IMF Survey: Morocco Taps $6.2 Billion Precautionary Loan from IMF
August 3, 2012
- Morocco has solid economic fundamentals and a strong policy track record
- Liquidity line is insurance policy if international conditions worsen
- Reforms to improve social protection, boost job creation remain a priority
The Executive Board of the International Monetary Fund (IMF) has approved a $6.2 billion liquidity line for Morocco to help protect the country against swings in oil prices and potential fallout from the downturn in Europe.
The 24-month loan is provided under the IMF’s new Precautionary and Liquidity Line (PLL). It will provide a useful insurance against external shocks in light of heightened uncertainty worldwide, and allow the authorities to continue with their home-grown reform agenda aimed at boosting inclusive economic growth.
The PLL was added to the IMF lending toolkit in 2011.
The IMF’s online news magazine, IMF Survey, spoke with Morocco mission chief Dominique Guillaume to discuss the reasons for the liquidity line and prospects for the country’s economy.
IMF Survey: Why does Morocco need a liquidity line from the IMF?
Guillaume: Morocco has solid economic fundamentals and a track record of implementing sound policies. But the world economy is in a particularly fragile situation right now, and uncertainties about the euro zone and oil price increases pose risks.
This liquidity line provides Morocco with a useful insurance policy for meeting immediate financing needs should these risks materialize. It aims to strengthen investors’ confidence and facilitate international market access by signaling that Morocco’s current policies are sound, and that the authorities have adequate resources to draw upon if needed. The PLL is precautionary, and Morocco has said that it does not intend to draw on it in the absence of exogenous shocks.
IMF Survey: What is a PLL and why is it right for Morocco?
Guillaume: This instrument is designed to flexibly meet the liquidity needs of member countries with sound economic fundamentals but with some remaining vulnerabilities.
Our financial assistance is designed to support the authorities’ economic policies by providing rapid access to resources—similar to an insurance policy—in the event of external shocks or a worsening international situation.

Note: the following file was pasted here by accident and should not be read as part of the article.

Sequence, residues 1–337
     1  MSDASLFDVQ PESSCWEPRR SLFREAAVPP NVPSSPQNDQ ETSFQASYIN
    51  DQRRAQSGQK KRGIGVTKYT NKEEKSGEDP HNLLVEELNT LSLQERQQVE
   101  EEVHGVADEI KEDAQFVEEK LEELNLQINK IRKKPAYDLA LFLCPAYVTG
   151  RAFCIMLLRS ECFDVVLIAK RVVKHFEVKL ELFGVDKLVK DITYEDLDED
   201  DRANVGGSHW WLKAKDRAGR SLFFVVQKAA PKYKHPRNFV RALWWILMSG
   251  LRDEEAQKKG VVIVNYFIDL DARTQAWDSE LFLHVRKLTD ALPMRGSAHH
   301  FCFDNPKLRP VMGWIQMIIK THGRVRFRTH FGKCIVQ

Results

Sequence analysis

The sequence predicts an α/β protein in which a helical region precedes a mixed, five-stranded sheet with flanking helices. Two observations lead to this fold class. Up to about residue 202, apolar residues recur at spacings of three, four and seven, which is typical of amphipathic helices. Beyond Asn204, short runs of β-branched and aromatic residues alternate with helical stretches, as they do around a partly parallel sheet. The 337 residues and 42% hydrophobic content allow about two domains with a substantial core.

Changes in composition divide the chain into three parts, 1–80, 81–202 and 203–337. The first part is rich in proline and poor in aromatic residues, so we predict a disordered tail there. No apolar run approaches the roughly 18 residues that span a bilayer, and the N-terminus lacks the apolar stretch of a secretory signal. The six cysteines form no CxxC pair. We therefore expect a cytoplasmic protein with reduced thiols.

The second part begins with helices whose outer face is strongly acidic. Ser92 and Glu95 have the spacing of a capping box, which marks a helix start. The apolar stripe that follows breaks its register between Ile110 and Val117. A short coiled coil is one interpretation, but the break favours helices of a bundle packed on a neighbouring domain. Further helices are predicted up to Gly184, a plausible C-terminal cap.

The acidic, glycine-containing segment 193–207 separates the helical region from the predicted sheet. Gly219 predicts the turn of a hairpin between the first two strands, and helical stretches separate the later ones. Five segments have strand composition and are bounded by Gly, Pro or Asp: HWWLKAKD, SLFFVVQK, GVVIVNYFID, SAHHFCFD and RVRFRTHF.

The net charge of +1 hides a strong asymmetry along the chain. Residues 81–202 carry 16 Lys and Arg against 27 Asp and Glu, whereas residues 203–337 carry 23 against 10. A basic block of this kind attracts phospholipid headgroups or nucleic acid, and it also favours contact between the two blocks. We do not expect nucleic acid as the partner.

IMF Survey: What’s the outlook for Morocco? How do you see prospects for the country’s economy?
Guillaume: Overall real GDP growth is projected to slow from about 5 percent in 2011 to about 3 percent in 2012, largely as a result of lower agricultural growth following poor rainfall. However, despite sluggish growth in its advanced economy trading partners, Morocco’s nonagricultural GDP growth is projected to remain robust, reaching about 4.7 percent in 2012, as a result of strong domestic demand supported by an increase in government spending.
The current account deficit is expected to decline from 8 percent of GDP in 2011 to 7.4 percent in 2012, and to improve further over the medium term. Foreign exchange reserves should also stabilize in the second half of 2012 as a result of recent measures to tighten fiscal policy, a decline in international oil prices compared to early in the year, an increase in export volumes of phosphates and derivative products (Morocco’s main export), the production for exports of new industrial plants (Renault just started exporting from Morocco to Europe), and a seasonal pickup in tourism receipts.
IMF Survey: How has the Arab Spring affected Morocco?
Guillaume: Morocco has initiated a political reform process. A new constitution was adopted by referendum in July 2011, elections were held in November 2011, and the head of the Justice and Development Party, which received the highest number of votes during the elections, formed a new coalition government in January 2012. Local elections will follow the adoption of the planned new regionalization and budget organic laws.
The new constitution introduces broad-ranging political changes and reforms. These include a rebalancing of powers through greater oversight of parliament over the executive, greater responsibility of the government, and greater independence of the judiciary.
While these political reforms are important steps in addressing social demands, pressures persist for further reforms to address, among other issues, high youth unemployment, income inequalities, and governance.
IMF Survey: What are some steps the government is taking to address social demands?
Guillaume: The authorities have made job creation an important priority, with the aim of reducing unemployment from 8.9 percent in 2011 to 8 percent by 2016, and at increasing labor force participation rates, by strengthening ongoing active labor market programs and fostering employment outside the main cities in the context of reforms that pay more attention to underdeveloped areas.
In addition to maintaining a stable macroeconomic environment, the authorities have a reform agenda to increase potential economic growth over the medium term. These reforms should also help support continued strong export performance and foreign investment inflows, and therefore increase job opportunities.
Reforming the system of social protection for the most vulnerable segments of the population is another priority. To that end, costly universal subsidies could be better targeted to benefit those most in need. This will also allow spending on public investment to be preserved. To determine the best strategy for reforming the subsidy system, the authorities will consult broadly with civil society.